To know about yeast, what it is and what are the types of yeast, click here.
Kneading The Bread Dough
Though nowadays we have no-knead bread also but that depends on the recipe. If the recipe asks for kneading the dough then you have to.
Why do we knead the bread dough?
Well, kneading is essential to strengthen the gluten.
And what is Gluten?
Gluten refers to the stringy bands of proteins that give bread its structure and texture. As we knead the dough, either manually or in a stand mixer, those strands of gluten are tightened up and get into line.
Knead the dough for 12-15 minutes by hand or 8-10 minutes in a mixer.
Once you mix everything and start kneading, then initially it is very tough. The dough is very heavy and sticks badly to your hands.
When you start kneading the dough it is like a wild animal totally out of control. But don’t worry its just a matter of a few minutes. You simply keep kneading it, preferably on the kitchen counter as then you can use both your hands. Knead it using stretch and fold method (like that of washing clothes by hand). You may lightly grease your hands in between. Soon you will be amazed to see your clean hands and also that how easily you can handle the dough the way you want. Now it is like your tamed animal, who will obey your command. Roll this dough in your bowl (with flour stricken all over) and once again you will feel happy to see your clean bowl.
My tip: After mixing everything, cover it and just leave it for 6-7 minutes. As they say, time is a big healer, same way time plays its role here and the dough becomes manageable. Then I gather it roughly into a ball and just flip it between my hands, from one hand to other and after 8 to 10 flipping it stops sticking, then I put it on counter/food processor for kneading.
I don’t have a stand mixer but, I sometimes knead it in my food processor using the kneading blade (the one of plastic). Results are beautiful with less labour. So, you may knead it by hands for 15 to 20 minutes or in the food processor for 5 minutes.
How Do You Know That The Bread Dough Is Kneaded Enough?
Look for following indications to check whether or not your dough has been sufficiently kneaded…
- Smooth Dough: First of all, the dough will now look smooth and shiny.
- Poke test: The simplest way to know that you have kneaded enough is to poke your finger in the dough. When taken out, the dough will immediately bounce back.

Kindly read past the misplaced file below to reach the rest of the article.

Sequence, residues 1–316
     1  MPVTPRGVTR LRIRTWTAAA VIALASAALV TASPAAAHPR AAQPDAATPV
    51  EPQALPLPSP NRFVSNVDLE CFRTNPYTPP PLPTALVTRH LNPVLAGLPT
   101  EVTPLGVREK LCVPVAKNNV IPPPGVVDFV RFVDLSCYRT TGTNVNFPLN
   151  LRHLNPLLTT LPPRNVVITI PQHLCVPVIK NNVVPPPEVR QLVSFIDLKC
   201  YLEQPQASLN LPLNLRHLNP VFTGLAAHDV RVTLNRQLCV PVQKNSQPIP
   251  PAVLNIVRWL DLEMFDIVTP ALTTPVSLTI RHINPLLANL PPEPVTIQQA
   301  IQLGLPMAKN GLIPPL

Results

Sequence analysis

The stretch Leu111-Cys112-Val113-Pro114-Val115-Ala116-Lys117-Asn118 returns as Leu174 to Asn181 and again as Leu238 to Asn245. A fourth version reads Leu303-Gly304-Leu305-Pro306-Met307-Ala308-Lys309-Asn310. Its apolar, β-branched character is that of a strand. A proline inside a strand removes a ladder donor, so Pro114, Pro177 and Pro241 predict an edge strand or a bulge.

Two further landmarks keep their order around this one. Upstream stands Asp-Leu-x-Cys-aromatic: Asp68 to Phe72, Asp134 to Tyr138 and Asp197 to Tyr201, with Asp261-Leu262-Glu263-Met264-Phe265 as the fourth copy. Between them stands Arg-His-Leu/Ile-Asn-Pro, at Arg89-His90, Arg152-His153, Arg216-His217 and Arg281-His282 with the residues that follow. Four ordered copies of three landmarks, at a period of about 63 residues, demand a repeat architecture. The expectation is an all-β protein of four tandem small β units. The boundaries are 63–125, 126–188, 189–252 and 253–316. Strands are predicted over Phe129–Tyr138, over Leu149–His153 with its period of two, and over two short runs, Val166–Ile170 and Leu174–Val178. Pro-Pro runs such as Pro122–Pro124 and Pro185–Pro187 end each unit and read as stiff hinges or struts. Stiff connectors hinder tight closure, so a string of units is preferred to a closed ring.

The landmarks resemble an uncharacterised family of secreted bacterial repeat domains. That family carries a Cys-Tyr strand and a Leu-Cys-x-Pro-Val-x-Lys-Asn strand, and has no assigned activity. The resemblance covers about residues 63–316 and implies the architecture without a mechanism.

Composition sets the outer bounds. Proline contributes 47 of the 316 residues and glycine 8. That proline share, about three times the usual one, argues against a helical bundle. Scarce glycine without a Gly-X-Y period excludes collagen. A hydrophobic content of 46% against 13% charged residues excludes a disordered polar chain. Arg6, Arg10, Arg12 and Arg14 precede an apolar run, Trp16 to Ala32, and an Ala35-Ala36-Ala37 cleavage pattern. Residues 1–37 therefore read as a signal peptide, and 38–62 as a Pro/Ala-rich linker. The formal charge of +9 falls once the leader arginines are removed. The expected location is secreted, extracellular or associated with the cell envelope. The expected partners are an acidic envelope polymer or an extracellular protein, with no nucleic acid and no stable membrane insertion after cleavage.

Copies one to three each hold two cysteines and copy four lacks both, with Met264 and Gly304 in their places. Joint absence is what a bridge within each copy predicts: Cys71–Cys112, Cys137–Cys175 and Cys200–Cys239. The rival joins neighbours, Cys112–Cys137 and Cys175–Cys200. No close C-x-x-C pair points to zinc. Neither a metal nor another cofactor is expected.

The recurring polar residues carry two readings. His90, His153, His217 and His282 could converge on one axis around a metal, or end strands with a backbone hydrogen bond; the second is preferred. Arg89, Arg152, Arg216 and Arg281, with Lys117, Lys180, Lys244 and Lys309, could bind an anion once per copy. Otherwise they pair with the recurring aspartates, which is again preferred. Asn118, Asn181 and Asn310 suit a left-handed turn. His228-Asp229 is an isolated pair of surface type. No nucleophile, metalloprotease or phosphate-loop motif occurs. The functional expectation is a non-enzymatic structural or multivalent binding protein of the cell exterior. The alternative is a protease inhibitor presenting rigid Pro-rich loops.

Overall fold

- Hold its shape: The dough should form a ball without sagging. It means that when you lift the ball of dough in your hand and hold it in the air for a second then if it holds its ball shape then the gluten is tight and strong. If it is sagging sideways between your fingers then knead for some more time.
- Windowpane test: The third one is the windowpane test. For this take little dough in your hand. Folding it with both the hands stretch it slowly into a thin sheet. Without tearing if it stretches so much that light passes through it then the dough is sufficiently kneaded. If it tears, then continue kneading. It requires practice so don’t be upset if you cannot perform this test initially.
- Once you are satisfied that the dough is sufficiently kneaded then take a bowl. Grease it with oil. Now put the dough in it and flip the dough so that it is greased from both the sides. If the dough remains dry, it may develop cracks. This is important or else the dough may dry up and form cracks while rising. Cover the bowl with cling film or plate or damp cloth.
Now after so much exercise, the dough needs to take rest. It is left undisturbed for an hour or so and it is called the rising time.
The first Rise is also referred to as Proofing the dough. Proofing means resting the dough for an hour or so during which gases (carbon dioxide and ethanol) are released and makes the dough rise.
For proofing, it is advised to keep the bowl of dough in some warm place. Ideal rise temperatures are between 80°F – 90°F; higher temperatures may kill the yeast and keep the dough from rising; lower temperatures will slow the yeast activity which will increase your rise time. The best place is to keep it inside your oven, yes closed oven. In winters you may just switch on the oven’s light. The dough will rise beautifully just in the warmth of light.
The dough will rise in how much time? Well, no fixed answer for this question. During summers it may rise in 45 minutes to 1 hour. Whereas in winters it may take even up to 2 hours. Rising of the dough depends on many other factors also like the recipe, room temperature, humidity, quantity of yeast used, etc.
So timing is just a rough guide. Observe the dough as to when it becomes double in volume
How do you know that the Bread Dough has Risen Enough?
The dough has risen enough when it becomes double in size. Also, perform the Ripe Test. The ripe test determines if the dough is ready to be punched down and shaped.
To perform Ripe Test, poke two fingers in the risen dough up to your second knuckle.
- If proofed well, then you will see dents that will rebound slowly.
- If comes up too quickly, it means it needs more proofing.
- And if it does not rebound, it means the dough is over-proofed.
If the dough is overproofed, the yeast runs out of readily available food and goes dormant or dies off. When that happens, you don’t get a good rise the second time because the yeast is no longer eating and creating the CO2 that forms the bubbles in the bread.